Exclusive: Foreign-Funded ‘U.S.’ Chamber Of Commerce Running Partisan Attack Ads

Published on
by
Think Progress

Exclusive: Foreign-Funded ‘U.S.’ Chamber Of Commerce Running Partisan Attack Ads

by
Think Progress

US Chamber of Commerce President Tom Donohue with former US President George W. Bush. Foreign members of the Chamber send money either directly to the U.S. Chamber of Commerce, or the foreign members fund their local Chamber, which in turn, transfers dues payments back to the Chamber’s H Street office in Washington DC.

The largest attack campaign against Democrats this fall is being
waged by the U.S. Chamber of Commerce, a trade association organized as a
501(c)(6) that can raise and spend unlimited funds without ever
disclosing any of its donors. The Chamber has promised to spend an
unprecedented $75 million to defeat candidates like Jack Conway, Sen. Barbara Boxer (D-CA), Jerry Brown, Rep. Joe Sestak (D-PA), and Rep. Tom Perriello (D-VA). As of Sept. 15th, the Chamber had aired more than 8,000
ads on behalf of GOP Senate candidates alone, according to a study from
the Wesleyan Media Project. The Chamber’s spending has dwarfed every
other issue group and most political party candidate committee spending.
A ThinkProgress investigation has found that the Chamber funds its
political attack campaign out of its general account, which solicits
foreign funding. And while the Chamber will likely assert it has
internal controls, foreign money is fungible, permitting the Chamber to
run its unprecedented attack campaign. According to legal experts
consulted by ThinkProgress, the Chamber is likely skirting longstanding
campaign finance law that bans the involvement of foreign corporations
in American elections.

In recent years, the Chamber has become very aggressive with its fundraising, opening offices
abroad and helping to found foreign chapters (known as Business
Councils or “AmChams”). While many of these foreign operations include
American businesses with interests overseas, the Chamber has also
spearheaded an effort to raise money from foreign corporations,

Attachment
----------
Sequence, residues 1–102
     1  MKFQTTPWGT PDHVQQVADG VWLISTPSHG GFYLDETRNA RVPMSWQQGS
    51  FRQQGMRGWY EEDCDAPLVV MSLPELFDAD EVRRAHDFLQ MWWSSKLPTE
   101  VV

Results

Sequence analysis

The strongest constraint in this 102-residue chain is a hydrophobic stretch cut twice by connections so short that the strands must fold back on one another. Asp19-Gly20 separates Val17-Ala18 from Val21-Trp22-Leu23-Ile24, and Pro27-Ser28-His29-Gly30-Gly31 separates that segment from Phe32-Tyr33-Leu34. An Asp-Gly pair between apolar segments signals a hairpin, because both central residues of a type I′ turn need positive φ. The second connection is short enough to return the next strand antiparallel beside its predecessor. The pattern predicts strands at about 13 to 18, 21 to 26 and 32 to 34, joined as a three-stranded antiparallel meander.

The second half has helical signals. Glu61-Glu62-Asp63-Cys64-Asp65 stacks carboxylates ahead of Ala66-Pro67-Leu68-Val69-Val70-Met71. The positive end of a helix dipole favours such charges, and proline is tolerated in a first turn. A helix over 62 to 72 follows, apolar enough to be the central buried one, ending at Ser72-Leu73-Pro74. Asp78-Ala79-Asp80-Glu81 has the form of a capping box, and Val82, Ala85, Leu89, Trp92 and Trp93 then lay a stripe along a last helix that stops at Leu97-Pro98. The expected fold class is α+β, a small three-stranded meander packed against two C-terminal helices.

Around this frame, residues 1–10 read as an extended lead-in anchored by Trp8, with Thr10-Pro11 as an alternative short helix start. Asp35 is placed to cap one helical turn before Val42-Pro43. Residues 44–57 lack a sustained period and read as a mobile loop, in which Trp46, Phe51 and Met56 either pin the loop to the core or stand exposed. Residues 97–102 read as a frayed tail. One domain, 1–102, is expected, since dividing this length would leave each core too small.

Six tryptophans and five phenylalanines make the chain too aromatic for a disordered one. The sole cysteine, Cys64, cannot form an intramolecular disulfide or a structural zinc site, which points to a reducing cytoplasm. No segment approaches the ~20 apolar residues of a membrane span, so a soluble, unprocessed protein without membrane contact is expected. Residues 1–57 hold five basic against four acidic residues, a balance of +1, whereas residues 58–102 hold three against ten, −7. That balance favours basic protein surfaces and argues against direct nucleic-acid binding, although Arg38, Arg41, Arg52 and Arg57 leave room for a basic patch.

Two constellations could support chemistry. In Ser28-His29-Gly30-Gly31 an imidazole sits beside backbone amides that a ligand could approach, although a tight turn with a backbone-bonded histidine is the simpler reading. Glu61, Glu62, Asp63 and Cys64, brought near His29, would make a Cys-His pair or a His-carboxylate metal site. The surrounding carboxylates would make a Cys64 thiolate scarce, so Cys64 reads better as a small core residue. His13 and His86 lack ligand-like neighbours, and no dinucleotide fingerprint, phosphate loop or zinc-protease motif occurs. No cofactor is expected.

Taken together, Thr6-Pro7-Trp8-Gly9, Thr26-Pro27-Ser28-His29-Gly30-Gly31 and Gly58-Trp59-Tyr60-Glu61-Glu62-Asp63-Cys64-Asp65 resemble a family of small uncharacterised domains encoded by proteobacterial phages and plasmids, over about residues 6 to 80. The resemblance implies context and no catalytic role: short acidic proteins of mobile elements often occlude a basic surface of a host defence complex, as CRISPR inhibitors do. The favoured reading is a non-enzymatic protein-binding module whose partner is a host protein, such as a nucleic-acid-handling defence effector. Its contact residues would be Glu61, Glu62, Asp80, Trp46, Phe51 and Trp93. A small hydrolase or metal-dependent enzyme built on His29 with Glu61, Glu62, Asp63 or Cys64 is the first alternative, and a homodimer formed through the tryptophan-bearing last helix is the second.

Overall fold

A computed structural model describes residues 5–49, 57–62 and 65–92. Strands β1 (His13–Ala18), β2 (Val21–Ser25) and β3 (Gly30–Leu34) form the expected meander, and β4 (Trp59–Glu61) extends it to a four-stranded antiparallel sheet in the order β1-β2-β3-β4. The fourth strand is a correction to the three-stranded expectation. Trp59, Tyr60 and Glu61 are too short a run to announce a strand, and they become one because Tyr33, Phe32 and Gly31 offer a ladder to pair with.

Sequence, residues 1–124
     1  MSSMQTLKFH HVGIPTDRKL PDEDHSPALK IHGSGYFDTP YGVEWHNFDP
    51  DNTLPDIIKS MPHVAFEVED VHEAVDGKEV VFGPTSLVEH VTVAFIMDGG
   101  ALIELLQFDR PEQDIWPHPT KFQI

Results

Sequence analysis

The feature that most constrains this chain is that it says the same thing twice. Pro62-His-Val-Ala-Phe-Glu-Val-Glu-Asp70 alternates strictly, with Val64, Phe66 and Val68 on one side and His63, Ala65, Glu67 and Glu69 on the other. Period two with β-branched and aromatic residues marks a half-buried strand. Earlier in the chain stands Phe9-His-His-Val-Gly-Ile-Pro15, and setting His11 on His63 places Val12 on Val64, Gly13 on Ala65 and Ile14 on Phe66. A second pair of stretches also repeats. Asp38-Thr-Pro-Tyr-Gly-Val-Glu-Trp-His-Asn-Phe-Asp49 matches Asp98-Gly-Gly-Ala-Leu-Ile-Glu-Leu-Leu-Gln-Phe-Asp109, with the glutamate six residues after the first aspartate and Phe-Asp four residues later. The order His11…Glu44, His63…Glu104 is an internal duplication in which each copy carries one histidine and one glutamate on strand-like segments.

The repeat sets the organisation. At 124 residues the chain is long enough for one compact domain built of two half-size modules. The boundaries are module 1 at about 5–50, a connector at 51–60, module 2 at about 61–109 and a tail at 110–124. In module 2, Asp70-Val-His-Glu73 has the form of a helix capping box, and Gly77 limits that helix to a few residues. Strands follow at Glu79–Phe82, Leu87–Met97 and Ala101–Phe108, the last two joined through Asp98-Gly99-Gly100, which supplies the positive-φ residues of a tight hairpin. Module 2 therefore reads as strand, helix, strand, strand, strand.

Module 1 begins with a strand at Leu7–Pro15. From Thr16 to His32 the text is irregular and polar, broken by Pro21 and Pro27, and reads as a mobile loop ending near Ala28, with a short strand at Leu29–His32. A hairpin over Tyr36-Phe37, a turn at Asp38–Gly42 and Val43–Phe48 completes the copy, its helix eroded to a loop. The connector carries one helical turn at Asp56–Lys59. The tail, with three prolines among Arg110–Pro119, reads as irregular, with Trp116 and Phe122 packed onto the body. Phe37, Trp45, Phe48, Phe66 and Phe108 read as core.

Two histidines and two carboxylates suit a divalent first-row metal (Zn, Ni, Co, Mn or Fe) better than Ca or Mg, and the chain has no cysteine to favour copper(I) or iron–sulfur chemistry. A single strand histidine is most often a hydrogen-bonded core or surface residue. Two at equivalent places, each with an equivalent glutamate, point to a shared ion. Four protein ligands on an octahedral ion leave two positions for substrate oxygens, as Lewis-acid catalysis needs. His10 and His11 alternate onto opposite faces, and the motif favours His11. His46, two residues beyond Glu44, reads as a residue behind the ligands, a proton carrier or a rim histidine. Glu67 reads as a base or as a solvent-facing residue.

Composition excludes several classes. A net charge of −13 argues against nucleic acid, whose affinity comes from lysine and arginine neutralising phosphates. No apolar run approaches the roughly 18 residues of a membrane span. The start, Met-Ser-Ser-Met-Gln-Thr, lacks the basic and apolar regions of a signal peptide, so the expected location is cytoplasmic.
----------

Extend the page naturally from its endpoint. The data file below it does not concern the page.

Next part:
including ones controlled by foreign governments. These foreign members
of the Chamber send money either directly to the U.S. Chamber of
Commerce, or the foreign members fund their local Chamber, which in
turn, transfers dues payments back to the Chamber’s H Street office in
Washington DC. These funds are commingled to the Chamber’s 501(c)(6)
account which is the vehicle for the attack ads:

– The U.S. Chamber of Commerce has created a large
presence in the small, oil-rich country of Bahrain. In 2006, the Chamber
created a local affiliate called the “U.S.-Bahrain Business Council”
(USBBC), an organization to help businesses in Bahrain take advantage of the Chamber’s “network of government and business relationships in the US and worldwide.” As the USBBC’s bylaws
state, it is not an actual separate entity, rather it is simply an
office of the U.S. Chamber of Commerce’s 501(c)(6) trade association.
Many of the USBBC’s board members are Bahrainian, including Aluminum
Bahrain, Gulf Air, Midal Cables, the Nass Group, Bahrain Maritime &
Mercantile International, the Bahrain Petroleum Company (state-owned),
Gulf Petrochemical Industries Company, and First Leasing Bank. With
each of these foreign board members to the USBBC contributing at least
$10,000 annually, the U.S. Chamber of Commerce raises well over $100,000 a year in money from foreign businesses through its operation in Bahrain
. Notably, the membership form provided by the USBBC directs applicants to send or wire
their money directly to the U.S. Chamber of Commerce. The membership
form also explicitly states that the foreign-owned firms are welcomed.

– Like the Chamber’s involvement in Bahrain, the U.S. Chamber of
Commerce operates in India through a group called “U.S.-India Business
Council” (USIBC), which has offices around the world but is
headquartered in the U.S. Chamber of Commerce. Dozens of Indian
businesses, including some of India’s largest corporations
like the State Bank of India (state-run) and ICICI Bank, are members of
the U.S. Chamber of Commerce through the USIBC. Annual membership dues
range from $7,500 to $15,000 or more, and the money is given directly into the Chamber’s 501(c)(6) bank account. Like the USBBC, the USIBC generates well over $200,000 a year in dues for the U.S. Chamber of Commerce from foreign businesses.
On the USIBC website, many of the groups lobbying goals advocate
changing American policy to help businesses in India. Under the
manufacturing policy goal, USIBC boasts